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yards of line, which he made swirl through the water with a humming noise, like a low sound of the telegraph wires. When I shook him up, he would fight away for the middle of the loch. At length he grew weaker, and I got him under command of a short line. It was a beautiful sight —that noble fish, sometimes showing his glancing scales for a moment, and then trying to bore under the boat, and always foiled by the boatmen, who promptly obeyed my slightest signal. He now began really to fail, and I felt I could lead him, so, directing Sandy to a shingly part of the shore, where there were no rocks, I determined to land him there. The beach was very shallow, and, in spite of my remonstrances, Sandy walked up to his knees in water, and drew the cobble ashore. I was now on terra firma, but my fish was by no means done up yet. Every time that I brought him to the shallow, he dashed away with as much vigour as before. This could not last, and the bursts became shorter and slower, till my
victim was unable to get down at all, and only struggled on the top of the water. I had ample opportunity to admire his dimensions, colour, and shape, and was determined that no rashness or eagerness to obtain it should rob me of so rich a prize. At last he turned upon his broad and gleaming side. Now was my time. And like a wrecked and gallant vessel he lay stranded on the beach!
A proud man was Sandy McKenzie then. He took entire possession of the fish, and would hardly let Johnny look at it; if he ventured to touch it, he met a stern rebuke. Well did Sandy know how rare it was to come across a trout of that size in Loch Awe now-a-days, and all the fishing guides there are as proud of their gentlemen's performances as if they were their own. They
reckon their honour concerned, and banter each other about the failure of their employers as reflecting upon their own want of knowledge of the haunts of the fish.
We now sat down upon a green bank, close to the gled's nest wood, and had out our little basket of refreshments. I gave Sandy a plentiful supply for both. “ Now, Sandy, eat your fill, and give Johnny the leavings." This is a favourite joke with Sandy, and Johnny is obliged to shield himself from its point by chuckling as heartily as he can. The Glenlivat was now uncorked ; and when I was taking my modicum, mixed with the clear water of the spring, I overheard Johnny complaining of the scarcity of the “ sma' stells which were ance thick eneuch on Loch Ow," and reprobating the tyranny of our rulers, “wha hinnered folk frae doin' what they liket best theirsels wi' their ain pickle barley." Sandy likes his whiskey raw, but is a very fond oa drap water after 't!" The first time I gave him a glass into his paralytic hand, he spilt about two-thirds. I now insist upon holding the glass to his mouth myself. This indignity Sandy resisted at first, but I was peremptory, and he now contrives to keep me between him and Johnny, who is slily keeking round. When he has got his glass, however, he seems to think it a good job well over, and occasionally attempts some wit. I never like to see his sorrowful face then, or even to hear his joke; it seems as if uttered in bitterness of heart.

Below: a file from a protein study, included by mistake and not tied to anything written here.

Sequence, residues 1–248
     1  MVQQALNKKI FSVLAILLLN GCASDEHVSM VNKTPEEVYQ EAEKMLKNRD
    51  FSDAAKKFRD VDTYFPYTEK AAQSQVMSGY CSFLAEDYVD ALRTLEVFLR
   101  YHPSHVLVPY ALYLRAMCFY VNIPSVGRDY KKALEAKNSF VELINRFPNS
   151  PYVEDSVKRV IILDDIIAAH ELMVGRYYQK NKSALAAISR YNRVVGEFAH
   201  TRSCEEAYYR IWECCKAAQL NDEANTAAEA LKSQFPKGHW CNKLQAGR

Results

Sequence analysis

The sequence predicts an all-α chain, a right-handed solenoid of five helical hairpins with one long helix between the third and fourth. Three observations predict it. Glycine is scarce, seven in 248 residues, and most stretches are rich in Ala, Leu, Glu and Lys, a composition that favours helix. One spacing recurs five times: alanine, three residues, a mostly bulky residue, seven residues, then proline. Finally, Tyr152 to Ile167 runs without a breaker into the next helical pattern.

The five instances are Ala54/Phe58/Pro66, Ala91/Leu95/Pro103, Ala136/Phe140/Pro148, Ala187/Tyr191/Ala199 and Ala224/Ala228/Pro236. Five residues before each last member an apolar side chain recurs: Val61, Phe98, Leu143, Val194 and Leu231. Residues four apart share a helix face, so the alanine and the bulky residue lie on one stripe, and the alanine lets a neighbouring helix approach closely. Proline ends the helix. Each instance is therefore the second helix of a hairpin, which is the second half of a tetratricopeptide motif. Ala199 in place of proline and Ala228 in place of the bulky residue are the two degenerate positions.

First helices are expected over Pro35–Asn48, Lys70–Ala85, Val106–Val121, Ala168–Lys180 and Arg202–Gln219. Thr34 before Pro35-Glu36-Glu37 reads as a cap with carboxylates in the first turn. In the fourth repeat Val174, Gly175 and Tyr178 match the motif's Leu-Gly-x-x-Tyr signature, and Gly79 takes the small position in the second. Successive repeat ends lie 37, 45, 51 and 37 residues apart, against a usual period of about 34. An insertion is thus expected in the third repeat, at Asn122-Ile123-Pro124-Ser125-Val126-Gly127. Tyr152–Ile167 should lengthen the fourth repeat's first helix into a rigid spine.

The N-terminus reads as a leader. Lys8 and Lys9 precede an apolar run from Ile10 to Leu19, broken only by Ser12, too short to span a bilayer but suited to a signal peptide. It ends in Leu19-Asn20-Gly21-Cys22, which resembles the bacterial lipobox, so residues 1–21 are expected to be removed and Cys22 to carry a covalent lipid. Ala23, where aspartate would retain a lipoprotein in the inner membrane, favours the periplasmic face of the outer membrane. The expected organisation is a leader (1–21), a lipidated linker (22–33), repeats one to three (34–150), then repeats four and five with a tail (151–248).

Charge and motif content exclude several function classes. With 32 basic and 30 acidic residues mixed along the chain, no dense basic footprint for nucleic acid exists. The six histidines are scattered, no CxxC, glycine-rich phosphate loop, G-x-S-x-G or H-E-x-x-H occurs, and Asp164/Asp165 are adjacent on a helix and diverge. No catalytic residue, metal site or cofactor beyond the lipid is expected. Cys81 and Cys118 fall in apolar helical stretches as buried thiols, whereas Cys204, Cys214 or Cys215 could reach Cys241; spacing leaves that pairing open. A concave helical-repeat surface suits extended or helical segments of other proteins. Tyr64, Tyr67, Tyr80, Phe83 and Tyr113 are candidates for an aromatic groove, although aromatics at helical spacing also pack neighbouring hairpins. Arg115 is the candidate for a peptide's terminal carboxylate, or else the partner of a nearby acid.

I could not resist having a peep into the kite's nest. She had no eggs yet, but all was ready for them, plenty of soft warm odds and ends for the lining. The two birds, balancing themselves at a great height above, kept strict watch over our movements. It is a great pity that the
kite has become so rare, for it always gives a sort of finishing touch to our pine-clothed hills.
The breeze had freshened. The squalls had settled into a steady gale, and we were upwards of eight miles from Cladich. I wished, at least, to try some of the best ground on our way home, having little hope of pulling the whole distance against such a head wind; Sandy, however, was unable to make any way, and upon Johnny's complaining that the boat was drifting back, fairly gave in. I had always relieved the old man when we had to cross the loch, or go quickly past bad fishing-ground, upon which occasions I used to hear Johnny taunting him. When I took the oar, Sandy always had his revenge, by “ You ’ve met your match noo, lad." Since it was impossible to fish any of the way back, I dried my lines along the shore, and determined to enjoy the lonely walk to the inn. The road for some miles was a steep mountain track, which seemed only fitted for a flock of goats. On some parts of this dismal region the sun seldom shines, and on others never a ray penetrates, summer or winter. The whole hill was studded with jagged rock and stone, and a more dreary path could hardly be imagined. Gloomy without grandeur. Slowly we plodded to accommodate poor old Sandy, whose short breath effectually stopped his wild legends.